• add the keys and repos to install the latest stable Syncthing.

Step Three: Setup Syncthing’s web-gui for remote access

Now, one final setup step is necessary: usually Syncthing only allows local addresses to connect to the web interface. So you’ll need to edit /home/neon/.config/syncthing/config.xml to allow you to connect from your desktop or laptop. You can just use nano over ssh.

You might also want to configure your router to always assign your Mycroft the same static IP address, so that things stay consistent. Remember that wireless and wired connections are different, and will require reconfiguration should you change between them.

In the config.xml file, find the <gui> section. Change the loopback address in the <address> tags to your devices’ permanent IP address. Also add the <insecureAdminAccess>true</insecureAdminAccess>. That way, any machine on your local network can connect. Mind you, this means you trust anything that connects to your LAN. You will need to harden this once you get everything set up! Check the syncthing docs for that.

You’ll be able to access the Syncthing web-based control panel thereafter at [neon’s ip]:6364. Create new shares to new folders—remember to use the /mnt/storage location if you followed Step One—and then you’re good to go! You can now leave all your computers off, yet rely on a stable, always-on central server so-long as your Mycroft is plugged in. :slight_smile:

My /root/post_update file. Remember to modify the UUID and filesystem if you’re not using ext4!


# 1.1 setup and mount storage partition for immediate usage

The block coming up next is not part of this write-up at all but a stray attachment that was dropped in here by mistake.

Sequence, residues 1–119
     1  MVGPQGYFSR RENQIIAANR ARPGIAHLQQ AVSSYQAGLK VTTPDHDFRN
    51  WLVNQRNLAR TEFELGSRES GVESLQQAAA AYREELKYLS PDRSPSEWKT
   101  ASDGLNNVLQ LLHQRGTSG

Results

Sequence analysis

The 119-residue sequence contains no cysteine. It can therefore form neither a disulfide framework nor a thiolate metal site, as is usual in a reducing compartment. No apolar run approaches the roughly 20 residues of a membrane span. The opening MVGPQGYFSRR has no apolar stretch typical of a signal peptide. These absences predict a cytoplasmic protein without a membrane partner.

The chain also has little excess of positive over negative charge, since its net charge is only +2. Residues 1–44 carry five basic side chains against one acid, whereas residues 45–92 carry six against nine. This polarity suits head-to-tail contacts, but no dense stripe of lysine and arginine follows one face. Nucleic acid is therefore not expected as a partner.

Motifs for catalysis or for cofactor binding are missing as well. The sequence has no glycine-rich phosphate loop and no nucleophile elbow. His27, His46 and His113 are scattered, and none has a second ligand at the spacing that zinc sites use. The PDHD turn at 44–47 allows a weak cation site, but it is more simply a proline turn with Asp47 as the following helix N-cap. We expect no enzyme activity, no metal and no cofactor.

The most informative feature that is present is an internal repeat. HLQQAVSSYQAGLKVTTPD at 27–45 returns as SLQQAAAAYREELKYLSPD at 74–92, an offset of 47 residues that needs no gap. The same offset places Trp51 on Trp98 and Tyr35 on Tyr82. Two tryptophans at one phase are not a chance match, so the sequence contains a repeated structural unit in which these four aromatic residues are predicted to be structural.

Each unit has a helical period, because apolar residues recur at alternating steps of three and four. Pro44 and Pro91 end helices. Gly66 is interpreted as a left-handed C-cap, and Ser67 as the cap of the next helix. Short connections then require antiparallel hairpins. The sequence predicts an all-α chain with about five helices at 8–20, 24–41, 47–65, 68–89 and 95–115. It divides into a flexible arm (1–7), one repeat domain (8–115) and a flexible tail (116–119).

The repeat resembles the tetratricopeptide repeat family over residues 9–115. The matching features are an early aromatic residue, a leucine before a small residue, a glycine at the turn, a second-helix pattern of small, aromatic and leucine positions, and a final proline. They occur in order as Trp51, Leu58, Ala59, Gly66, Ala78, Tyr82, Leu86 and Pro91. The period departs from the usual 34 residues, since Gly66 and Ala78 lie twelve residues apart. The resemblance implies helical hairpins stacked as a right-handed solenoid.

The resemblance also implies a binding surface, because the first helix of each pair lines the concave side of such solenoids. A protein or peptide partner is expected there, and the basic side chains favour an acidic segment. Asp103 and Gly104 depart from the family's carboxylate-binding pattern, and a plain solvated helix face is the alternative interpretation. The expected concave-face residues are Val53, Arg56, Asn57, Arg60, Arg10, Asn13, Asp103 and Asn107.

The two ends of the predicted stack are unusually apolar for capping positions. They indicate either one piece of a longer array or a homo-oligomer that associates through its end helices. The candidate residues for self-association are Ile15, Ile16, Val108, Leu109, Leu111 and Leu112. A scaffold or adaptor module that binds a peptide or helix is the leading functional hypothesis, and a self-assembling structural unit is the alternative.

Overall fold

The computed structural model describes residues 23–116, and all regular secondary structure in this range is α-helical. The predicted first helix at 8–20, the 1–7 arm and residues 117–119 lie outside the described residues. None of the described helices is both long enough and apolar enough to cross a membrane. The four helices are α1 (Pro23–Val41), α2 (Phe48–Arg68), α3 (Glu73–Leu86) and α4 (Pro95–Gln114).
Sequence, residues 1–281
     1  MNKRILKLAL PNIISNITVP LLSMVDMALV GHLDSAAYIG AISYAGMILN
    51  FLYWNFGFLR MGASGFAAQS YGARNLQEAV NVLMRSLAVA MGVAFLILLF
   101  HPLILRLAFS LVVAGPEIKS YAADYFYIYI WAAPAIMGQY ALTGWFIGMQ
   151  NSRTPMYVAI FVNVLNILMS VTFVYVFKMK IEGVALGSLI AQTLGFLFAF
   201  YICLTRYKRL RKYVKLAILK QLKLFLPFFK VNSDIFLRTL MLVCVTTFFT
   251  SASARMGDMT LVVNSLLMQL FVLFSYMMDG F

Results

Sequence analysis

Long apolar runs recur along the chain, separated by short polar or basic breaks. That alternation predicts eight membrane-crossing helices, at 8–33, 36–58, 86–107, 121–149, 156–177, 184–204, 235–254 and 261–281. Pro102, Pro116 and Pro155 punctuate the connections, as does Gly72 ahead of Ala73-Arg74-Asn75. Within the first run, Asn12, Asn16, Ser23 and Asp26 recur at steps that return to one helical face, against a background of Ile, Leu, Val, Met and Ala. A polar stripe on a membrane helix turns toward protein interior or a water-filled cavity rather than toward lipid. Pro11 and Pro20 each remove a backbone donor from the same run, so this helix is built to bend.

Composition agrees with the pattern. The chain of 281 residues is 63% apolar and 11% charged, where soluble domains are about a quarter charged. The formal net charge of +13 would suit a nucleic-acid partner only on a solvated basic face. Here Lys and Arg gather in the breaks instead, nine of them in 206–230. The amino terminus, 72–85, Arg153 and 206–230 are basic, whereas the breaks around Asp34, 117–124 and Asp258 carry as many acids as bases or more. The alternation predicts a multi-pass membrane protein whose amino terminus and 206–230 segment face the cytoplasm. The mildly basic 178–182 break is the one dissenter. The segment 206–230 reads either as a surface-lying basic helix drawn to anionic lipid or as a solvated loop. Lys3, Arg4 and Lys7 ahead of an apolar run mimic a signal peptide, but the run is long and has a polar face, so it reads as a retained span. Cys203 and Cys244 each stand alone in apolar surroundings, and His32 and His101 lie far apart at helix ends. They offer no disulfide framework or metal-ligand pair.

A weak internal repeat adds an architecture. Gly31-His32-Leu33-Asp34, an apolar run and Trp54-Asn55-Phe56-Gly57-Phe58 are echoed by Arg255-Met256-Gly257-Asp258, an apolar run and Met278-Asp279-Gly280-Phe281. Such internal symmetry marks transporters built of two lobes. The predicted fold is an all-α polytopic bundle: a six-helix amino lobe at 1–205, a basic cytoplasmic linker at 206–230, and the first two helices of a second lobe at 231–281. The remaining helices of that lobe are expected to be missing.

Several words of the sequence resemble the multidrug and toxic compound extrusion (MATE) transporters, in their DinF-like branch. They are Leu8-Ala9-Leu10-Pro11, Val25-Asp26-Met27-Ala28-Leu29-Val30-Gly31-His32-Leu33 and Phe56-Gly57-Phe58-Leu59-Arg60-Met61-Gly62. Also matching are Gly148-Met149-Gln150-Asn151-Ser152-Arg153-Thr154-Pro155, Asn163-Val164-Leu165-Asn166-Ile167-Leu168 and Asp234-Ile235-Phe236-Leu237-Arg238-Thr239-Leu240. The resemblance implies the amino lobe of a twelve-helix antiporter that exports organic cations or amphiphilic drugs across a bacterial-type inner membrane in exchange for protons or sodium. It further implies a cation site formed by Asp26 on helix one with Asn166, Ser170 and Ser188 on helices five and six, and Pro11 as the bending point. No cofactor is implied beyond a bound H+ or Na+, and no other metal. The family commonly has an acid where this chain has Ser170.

mkdir /mnt/storage
mount UUID=1dde9e90-bf69-462c-ae90-59551ac67be9 /mnt/storage

# 1.2 add storage partition to fstab for permanent usage after reboots
cat << EOF >> /etc/fstab
UUID=1dde9e90-bf69-462c-ae90-59551ac67be9 /mnt/storage ext4 defaults 0 0

# 1.3 allow read/write permissions!
chown -R neon:neon /mnt/storage

# 2.1 Install Syncthing
sudo curl -o /usr/share/keyrings/syncthing-archive-keyring.gpg https://syncthing.net/release-key.gpg
echo "deb [signed-by=/usr/share/keyrings/syncthing-archive-keyring.gpg] https://apt.syncthing.net/ syncthing stable" | sudo tee /etc/apt/sources.list.d/syncthing.list
apt update
apt -y install syncthing

# 2.2 Enable syncthing to start on bootup and also start it now. The @ means that it will use the neon user's config folder to allow configuration preservation across upgrades. 
systemctl enable syncthing@neon.service
systemctl start syncthing@neon.service

Thank you for taking the time to share this with the community, and for the well-organized instructions! :slight_smile: I think @NeonDaniel might like to see it if he hasn’t already.

Too late to edit the original post, but having just updated Neon Core, I found a bug in my original script.

The first line under section # 2.1 Install Syncthing shouldn’t be prefixed with sudo, since the script is already being executed as root. :stuck_out_tongue: